TECH giant Facebook’s plan to extend internet access to rural parts of sub-Saharan Africa, suffered a setback when a Falcon 9 rocket exploded at Cape Canaveral in Florida on September 1.
Space X was hoping to launch a Facebook satellite to provide high-speed internet service to parts of Africa on Saturday, September 3.
The rocket and satellite on it were destroyed.
The Falcon 9 belonged to the American company SpaceX. It designs, manufactures and launches rockets and spacecraft.
Facebook’s Chief Executive Officer Mark Zuckerberg announced the launch in Wednesday in the Nigerian commercial capital, Lagos.
The satellite will “beam down connectivity,” the CEO said in a presentation. “We built these solar-powered drones that are basically like a cellphone tower in the sky. They can go over really remote rural locations and beam down connectivity to make sure networks spread and reach everyone.”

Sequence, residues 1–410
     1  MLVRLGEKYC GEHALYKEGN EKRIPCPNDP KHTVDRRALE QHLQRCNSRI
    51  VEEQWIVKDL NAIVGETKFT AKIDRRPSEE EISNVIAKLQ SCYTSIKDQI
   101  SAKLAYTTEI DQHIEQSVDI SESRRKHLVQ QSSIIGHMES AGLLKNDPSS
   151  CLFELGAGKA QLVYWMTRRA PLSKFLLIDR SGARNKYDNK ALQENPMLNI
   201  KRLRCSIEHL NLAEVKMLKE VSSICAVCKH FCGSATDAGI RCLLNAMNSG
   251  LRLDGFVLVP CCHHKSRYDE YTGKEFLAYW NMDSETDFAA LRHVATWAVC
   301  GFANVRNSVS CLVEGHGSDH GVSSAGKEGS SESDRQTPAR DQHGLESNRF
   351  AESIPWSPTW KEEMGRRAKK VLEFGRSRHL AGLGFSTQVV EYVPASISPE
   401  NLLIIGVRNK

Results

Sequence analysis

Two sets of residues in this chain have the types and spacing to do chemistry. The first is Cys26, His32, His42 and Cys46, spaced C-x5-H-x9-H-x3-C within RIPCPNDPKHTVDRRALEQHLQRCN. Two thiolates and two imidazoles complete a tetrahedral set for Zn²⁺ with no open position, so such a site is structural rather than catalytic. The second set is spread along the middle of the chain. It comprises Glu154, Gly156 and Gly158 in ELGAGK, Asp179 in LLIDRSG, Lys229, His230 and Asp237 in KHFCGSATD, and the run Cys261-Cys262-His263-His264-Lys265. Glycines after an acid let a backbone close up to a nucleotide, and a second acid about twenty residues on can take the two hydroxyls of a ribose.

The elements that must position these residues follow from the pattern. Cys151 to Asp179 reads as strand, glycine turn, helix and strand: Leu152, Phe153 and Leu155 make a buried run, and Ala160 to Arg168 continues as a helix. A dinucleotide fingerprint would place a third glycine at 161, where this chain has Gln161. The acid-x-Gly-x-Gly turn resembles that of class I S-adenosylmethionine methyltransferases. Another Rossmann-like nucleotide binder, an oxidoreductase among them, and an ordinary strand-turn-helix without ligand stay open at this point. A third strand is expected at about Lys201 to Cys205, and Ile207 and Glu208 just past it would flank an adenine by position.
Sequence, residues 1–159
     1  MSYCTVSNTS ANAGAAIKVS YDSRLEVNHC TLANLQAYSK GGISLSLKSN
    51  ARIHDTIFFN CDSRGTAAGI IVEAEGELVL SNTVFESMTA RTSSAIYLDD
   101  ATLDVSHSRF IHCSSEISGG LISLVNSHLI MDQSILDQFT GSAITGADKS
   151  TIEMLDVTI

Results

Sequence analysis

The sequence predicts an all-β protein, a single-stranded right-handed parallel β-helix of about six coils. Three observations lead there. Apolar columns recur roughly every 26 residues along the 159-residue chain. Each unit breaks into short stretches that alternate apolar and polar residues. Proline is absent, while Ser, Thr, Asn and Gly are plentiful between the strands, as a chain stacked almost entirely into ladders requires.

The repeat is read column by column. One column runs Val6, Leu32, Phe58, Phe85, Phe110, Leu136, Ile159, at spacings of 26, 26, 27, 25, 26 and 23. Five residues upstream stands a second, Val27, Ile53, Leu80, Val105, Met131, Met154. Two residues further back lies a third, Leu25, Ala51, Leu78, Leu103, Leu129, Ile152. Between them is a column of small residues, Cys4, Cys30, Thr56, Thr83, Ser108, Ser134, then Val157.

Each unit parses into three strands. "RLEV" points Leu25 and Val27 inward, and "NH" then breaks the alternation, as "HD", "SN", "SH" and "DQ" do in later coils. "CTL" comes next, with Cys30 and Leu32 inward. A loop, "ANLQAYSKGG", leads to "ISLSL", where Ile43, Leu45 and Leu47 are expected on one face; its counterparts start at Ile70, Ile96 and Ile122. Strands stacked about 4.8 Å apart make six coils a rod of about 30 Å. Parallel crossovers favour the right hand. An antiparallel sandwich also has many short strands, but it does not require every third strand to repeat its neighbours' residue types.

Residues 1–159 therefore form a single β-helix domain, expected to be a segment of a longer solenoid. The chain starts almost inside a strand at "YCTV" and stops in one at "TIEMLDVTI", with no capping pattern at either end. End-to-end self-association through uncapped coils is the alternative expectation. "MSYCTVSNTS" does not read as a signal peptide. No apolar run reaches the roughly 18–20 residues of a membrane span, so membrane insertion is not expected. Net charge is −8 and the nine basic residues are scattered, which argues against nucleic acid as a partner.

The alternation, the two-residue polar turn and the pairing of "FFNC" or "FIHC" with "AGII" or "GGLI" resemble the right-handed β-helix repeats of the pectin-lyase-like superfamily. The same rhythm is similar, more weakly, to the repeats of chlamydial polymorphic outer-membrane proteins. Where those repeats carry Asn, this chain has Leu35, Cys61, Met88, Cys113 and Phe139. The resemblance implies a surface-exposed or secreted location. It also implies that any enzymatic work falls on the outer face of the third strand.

The US social media company last year agreed to a deal with Paris-based Eutelsat Communications to launch the satellite. The move is intended to enable Facebook to add users in parts of the continent that don’t have internet access, increasing the company’s reach.
While internet-by-satellite is usually a costly option in the developing world, Zuckerberg said he planned to make accessing the network affordable.
“It’s not much good having the infrastructure if people cannot afford to use it,” he said.
In a Facebook post Zuckerberg said Thursday after news of the disaster; “As I’m here in Africa, I’m deeply disappointed to hear that SpaceX’s launch failure destroyed our satellite that would have provided connectivity to so many entrepreneurs and everyone else across the continent.
“Fortunately, we have developed other technologies like Aquila that will connect people as well”, he said, adding that, “We remain committed to our mission of connecting everyone, and we will keep working until everyone has the opportunities this satellite would have provided”.
Facebook had 84 million users in sub-Saharan Africa at the end of July, compared with 1.7 billion worldwide.